Lifetime has a string of movies that involve lunatic mothers obsessed with their children, having a baby, and all other aspects of parenting. In Her Only Child, Lily is an insurance saleswoman in her mid-30s whose mom must know where she is every single hour of the day. When Lily becomes involved with people, they always suddenly disappear from her life for no logical reason. That is, until she finds out that her mother has been threatening them in order to keep her beloved daughter all to herself. Meanwhile, Lily is a spineless waif who is unable to tell her mother to back off. A different kind of obsessive, off-kilter mothering occurs in Invisible Child, in which mother Annie Beeman is not satisfied with her two real live children and thus creates an invisible third child named Maggie which, for some reason, her bewildered family plays along with. And lest we forget that this network is aimed primarily at women, there’s also the Lifetime film, Maternal Obsession, in which a pregnancy counselor advises a teenage girl to carry on with her pregnancy so that she can steal her baby in the end. This caters specifically to the idea that women become overcome with maternal instincts by a certain age, which is apparently so strong that they resort to taking babies from confused teenage mothers.
Technology is Evil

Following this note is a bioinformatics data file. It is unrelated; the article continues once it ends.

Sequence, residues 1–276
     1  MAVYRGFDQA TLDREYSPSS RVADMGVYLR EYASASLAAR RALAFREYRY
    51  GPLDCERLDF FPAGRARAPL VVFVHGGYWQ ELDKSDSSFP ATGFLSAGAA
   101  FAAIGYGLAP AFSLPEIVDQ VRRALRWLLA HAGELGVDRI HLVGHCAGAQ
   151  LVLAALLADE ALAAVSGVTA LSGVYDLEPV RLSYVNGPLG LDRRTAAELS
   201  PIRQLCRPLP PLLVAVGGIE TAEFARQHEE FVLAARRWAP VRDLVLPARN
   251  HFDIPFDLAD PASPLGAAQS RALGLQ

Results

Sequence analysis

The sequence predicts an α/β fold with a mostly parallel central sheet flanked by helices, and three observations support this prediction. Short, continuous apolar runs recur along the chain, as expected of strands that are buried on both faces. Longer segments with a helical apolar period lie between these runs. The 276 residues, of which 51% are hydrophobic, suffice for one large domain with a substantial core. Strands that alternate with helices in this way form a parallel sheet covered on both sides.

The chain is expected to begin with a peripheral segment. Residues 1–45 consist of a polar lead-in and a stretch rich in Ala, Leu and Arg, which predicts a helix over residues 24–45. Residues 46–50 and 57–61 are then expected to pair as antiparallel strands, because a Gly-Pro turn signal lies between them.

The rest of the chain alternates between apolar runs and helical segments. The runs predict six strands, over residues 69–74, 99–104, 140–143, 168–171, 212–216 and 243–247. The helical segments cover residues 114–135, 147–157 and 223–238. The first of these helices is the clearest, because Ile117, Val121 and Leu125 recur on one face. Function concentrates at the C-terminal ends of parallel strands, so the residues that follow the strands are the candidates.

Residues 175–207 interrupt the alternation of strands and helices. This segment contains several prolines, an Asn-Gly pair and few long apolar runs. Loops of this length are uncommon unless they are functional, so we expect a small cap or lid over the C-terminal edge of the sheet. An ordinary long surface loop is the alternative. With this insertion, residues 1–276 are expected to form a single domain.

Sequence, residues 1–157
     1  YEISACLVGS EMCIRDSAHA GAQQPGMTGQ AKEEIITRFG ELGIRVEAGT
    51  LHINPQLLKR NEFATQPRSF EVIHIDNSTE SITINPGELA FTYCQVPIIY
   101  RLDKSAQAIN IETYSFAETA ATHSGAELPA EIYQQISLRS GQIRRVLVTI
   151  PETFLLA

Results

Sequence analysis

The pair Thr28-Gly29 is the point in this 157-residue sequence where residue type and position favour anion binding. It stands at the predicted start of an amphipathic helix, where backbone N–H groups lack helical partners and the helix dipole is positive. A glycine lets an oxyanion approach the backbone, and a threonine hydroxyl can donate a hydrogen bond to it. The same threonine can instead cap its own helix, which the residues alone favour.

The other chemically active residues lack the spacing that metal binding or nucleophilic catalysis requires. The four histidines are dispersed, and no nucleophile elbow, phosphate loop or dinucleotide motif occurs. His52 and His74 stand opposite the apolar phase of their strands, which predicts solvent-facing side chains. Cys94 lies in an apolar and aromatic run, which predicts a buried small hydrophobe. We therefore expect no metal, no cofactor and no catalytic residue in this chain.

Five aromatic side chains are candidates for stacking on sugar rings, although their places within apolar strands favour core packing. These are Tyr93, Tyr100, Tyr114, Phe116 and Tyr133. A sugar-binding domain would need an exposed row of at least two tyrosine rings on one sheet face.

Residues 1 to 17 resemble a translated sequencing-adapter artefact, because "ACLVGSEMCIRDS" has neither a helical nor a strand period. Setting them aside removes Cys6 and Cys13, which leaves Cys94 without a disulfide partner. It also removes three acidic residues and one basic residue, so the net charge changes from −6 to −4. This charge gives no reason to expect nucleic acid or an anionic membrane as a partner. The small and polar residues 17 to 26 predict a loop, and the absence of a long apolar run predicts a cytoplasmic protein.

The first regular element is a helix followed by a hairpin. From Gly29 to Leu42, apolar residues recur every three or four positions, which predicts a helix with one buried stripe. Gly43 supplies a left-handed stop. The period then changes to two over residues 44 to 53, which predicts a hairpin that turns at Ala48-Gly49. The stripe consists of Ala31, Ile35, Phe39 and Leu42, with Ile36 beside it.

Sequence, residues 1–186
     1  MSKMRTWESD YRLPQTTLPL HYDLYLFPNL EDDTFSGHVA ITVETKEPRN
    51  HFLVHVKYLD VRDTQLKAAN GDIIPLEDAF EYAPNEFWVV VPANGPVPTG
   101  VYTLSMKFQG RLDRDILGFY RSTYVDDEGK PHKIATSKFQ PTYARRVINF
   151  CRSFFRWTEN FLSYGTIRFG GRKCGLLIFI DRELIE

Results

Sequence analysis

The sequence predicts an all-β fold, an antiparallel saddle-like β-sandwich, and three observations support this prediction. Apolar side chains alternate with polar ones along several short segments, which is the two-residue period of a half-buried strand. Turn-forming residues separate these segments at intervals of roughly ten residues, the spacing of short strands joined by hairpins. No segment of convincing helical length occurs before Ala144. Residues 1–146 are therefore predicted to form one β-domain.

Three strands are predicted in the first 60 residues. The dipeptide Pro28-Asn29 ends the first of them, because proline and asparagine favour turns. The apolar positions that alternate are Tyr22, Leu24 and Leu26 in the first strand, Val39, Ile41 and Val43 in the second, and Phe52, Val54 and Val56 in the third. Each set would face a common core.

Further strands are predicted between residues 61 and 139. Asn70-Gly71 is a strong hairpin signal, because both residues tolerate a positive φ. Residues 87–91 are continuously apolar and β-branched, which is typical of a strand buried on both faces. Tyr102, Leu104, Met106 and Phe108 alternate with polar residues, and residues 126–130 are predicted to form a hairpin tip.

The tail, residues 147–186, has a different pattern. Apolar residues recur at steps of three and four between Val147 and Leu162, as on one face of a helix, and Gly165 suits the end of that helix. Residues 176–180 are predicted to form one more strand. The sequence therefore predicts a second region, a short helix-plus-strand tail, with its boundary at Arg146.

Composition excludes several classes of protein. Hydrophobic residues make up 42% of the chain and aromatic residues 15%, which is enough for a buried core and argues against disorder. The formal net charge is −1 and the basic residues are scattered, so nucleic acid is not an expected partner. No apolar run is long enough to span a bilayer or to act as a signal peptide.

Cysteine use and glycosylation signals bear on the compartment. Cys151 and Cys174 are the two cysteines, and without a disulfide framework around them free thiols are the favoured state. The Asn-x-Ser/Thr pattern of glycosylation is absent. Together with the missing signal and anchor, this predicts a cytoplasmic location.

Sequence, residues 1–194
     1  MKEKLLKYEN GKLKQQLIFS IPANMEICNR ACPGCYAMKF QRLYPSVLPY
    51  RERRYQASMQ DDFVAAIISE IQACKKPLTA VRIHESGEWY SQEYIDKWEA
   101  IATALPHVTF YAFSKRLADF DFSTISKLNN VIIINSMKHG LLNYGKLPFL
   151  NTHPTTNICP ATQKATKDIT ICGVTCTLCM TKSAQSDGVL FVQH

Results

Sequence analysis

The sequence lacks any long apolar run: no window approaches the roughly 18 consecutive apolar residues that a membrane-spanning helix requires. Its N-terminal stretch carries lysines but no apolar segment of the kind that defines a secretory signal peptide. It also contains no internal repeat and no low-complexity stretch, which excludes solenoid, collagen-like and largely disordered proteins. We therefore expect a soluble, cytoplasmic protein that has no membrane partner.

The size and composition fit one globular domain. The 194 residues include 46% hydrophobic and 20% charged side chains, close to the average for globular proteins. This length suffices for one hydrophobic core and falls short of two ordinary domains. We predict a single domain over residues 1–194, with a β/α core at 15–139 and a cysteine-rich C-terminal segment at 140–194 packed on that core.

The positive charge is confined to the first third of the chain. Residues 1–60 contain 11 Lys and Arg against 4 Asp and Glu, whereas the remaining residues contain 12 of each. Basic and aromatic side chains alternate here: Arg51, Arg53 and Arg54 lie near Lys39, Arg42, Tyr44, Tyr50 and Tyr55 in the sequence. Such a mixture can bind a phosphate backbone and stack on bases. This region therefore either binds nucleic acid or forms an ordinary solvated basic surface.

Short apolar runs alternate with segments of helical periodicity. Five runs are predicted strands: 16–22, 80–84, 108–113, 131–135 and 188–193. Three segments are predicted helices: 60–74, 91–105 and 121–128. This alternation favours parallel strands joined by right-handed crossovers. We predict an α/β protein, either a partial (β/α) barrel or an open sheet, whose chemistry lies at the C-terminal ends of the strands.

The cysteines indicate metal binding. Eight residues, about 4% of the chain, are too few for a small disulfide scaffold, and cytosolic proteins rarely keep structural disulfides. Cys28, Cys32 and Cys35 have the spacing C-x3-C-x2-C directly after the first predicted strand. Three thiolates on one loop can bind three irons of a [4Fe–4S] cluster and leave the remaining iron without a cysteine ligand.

The writers of Lifetime films want you to know that nothing good can come from using the internet. You really should abandon all technology, lest you want to be murdered, sexually harassed, or bullied into suicide. The Craigslist Killer, based on a true story, follows Philip Markoff as he leads a double life as a murderer of women who advertise their services on Craigslist. Had these women stuck to soliciting sexual services in the local paper, they might still be alive. Furthermore, in Sexting in Suburbia, teenage Dina commits suicide after a sultry text message goes viral and inspires endless bullying from her classmates. Similarly, Betrayed at 17 features a teen who winds up killing herself after discovering that the dreamy school football star only dated her on a bet that he could score sex with her and film it on the first date. The technology in both cases is the photo or video documentation of the act that goes completely viral. The aforementioned Cyber Seduction: His Secret Life also falls into this category. Too often, Lifetime movie characters make poor decisions about appropriate internet, video, and phone usage.